Overview of the business sectors in Hackney

Hackney’s economy has changed drastically since 2000. Between 1994-2004, Hackney saw a 27% drop in VAT registered businesses in manufacturing. Factory and warehouse space decreased by nearly 18% between 2000 and 2003, the 3rd biggest loss of factory space in London. Over the same period, real estate and property and business activities grew by 95%. Food and beverage and accommodation businesses rose by 54%.

By 2010, science, technical and professional businesses are the most common in Hackney, followed by firms working in information and communication, arts, entertainment and leisure. 48% of Hackney’s economy specialises in these sectors, 5% more than London as a whole. Business administration and support services, property and retail/wholesale are the next major categories of Hackney firms.

The GLA’s 2010 Economic Evidence Base identifies comparative advantages for London in computers and information and to a large extent in cultural, personal and recreational services. The knowledge economy includes creative and high tech and business services firms. Over the past decade, these firms have thrived in Hackney filling the spaces the factories left behind.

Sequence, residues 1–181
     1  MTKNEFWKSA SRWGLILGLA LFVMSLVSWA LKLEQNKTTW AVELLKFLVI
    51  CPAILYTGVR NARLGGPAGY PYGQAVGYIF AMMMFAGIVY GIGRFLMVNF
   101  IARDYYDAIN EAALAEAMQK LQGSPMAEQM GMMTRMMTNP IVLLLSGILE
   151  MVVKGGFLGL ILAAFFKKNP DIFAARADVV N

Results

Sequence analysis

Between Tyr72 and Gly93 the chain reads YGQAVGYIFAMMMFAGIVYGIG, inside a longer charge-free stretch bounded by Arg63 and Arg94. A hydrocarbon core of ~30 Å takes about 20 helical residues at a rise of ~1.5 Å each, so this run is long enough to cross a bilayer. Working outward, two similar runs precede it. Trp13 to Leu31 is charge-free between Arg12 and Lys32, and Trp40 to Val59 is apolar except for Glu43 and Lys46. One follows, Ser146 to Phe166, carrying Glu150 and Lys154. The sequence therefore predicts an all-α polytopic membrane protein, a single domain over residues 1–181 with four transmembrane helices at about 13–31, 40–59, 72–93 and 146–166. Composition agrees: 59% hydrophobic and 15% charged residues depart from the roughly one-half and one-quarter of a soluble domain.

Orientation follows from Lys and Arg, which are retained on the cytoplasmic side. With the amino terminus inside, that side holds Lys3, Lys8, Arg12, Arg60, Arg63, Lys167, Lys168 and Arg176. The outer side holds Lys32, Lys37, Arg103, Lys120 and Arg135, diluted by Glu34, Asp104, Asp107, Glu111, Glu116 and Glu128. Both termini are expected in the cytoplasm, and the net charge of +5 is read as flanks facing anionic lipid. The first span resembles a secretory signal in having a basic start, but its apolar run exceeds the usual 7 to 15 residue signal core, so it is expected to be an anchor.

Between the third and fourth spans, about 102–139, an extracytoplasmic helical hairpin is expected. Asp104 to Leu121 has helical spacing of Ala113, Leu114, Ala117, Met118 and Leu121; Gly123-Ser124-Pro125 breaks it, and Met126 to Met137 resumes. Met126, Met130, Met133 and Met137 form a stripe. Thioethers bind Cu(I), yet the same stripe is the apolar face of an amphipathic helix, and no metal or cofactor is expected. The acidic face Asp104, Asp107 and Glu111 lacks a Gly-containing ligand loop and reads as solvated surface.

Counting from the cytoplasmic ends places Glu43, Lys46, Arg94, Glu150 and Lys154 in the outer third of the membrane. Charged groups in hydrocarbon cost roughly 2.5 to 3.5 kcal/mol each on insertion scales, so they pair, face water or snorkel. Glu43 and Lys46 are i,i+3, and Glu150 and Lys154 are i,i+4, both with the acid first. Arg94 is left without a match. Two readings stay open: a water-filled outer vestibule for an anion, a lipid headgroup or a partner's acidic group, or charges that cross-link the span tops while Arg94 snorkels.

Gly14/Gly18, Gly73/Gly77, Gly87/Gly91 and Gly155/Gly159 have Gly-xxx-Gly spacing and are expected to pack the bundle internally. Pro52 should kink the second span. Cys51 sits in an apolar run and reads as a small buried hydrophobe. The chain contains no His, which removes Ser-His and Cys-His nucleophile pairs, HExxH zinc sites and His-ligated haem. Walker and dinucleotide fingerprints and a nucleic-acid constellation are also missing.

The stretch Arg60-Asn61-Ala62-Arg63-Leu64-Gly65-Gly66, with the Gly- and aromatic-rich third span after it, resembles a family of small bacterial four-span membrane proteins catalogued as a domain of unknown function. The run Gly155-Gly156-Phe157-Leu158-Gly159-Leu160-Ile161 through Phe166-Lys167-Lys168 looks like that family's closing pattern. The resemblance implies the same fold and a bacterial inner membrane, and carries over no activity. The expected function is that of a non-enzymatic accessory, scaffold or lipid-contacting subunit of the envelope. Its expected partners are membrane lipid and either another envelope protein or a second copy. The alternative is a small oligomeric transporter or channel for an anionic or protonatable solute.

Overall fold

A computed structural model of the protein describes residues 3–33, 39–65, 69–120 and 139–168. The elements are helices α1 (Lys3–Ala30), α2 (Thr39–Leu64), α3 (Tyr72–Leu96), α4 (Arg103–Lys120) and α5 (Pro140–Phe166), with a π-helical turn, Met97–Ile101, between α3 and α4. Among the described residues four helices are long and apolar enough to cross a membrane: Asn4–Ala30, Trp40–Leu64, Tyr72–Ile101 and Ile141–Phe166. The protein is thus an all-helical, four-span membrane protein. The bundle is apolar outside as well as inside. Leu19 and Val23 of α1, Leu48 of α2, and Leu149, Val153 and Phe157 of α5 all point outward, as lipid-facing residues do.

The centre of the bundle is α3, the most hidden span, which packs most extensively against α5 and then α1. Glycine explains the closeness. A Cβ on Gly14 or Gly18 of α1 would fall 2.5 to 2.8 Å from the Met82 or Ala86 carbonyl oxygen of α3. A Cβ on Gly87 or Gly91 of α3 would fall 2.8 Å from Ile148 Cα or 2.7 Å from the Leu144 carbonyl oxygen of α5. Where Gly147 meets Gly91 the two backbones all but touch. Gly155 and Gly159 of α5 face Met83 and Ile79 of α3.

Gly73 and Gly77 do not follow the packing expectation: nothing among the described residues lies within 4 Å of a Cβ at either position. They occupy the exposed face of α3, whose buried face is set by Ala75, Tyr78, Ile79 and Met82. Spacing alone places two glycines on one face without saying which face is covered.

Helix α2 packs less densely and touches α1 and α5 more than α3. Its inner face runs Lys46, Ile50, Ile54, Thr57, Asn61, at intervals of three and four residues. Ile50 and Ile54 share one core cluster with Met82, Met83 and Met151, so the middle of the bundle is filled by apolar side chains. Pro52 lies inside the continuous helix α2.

However, these are broad categories. Investment and policy decisions require refined information about specific products, employment levels and spatial organization of firms in the borough. The following analysis takes apart these sector categories to reveal the footprint of the businesses within them. It is also important to note that these sectors have many more businesses than employees. Many of the creative and technology companies are very small and can be missed in statistics that use employee or tax data as a means of including the business in a dataset. In all likelihood, the figure of 4,500 creative and technology businesses in Hackney is an undercount.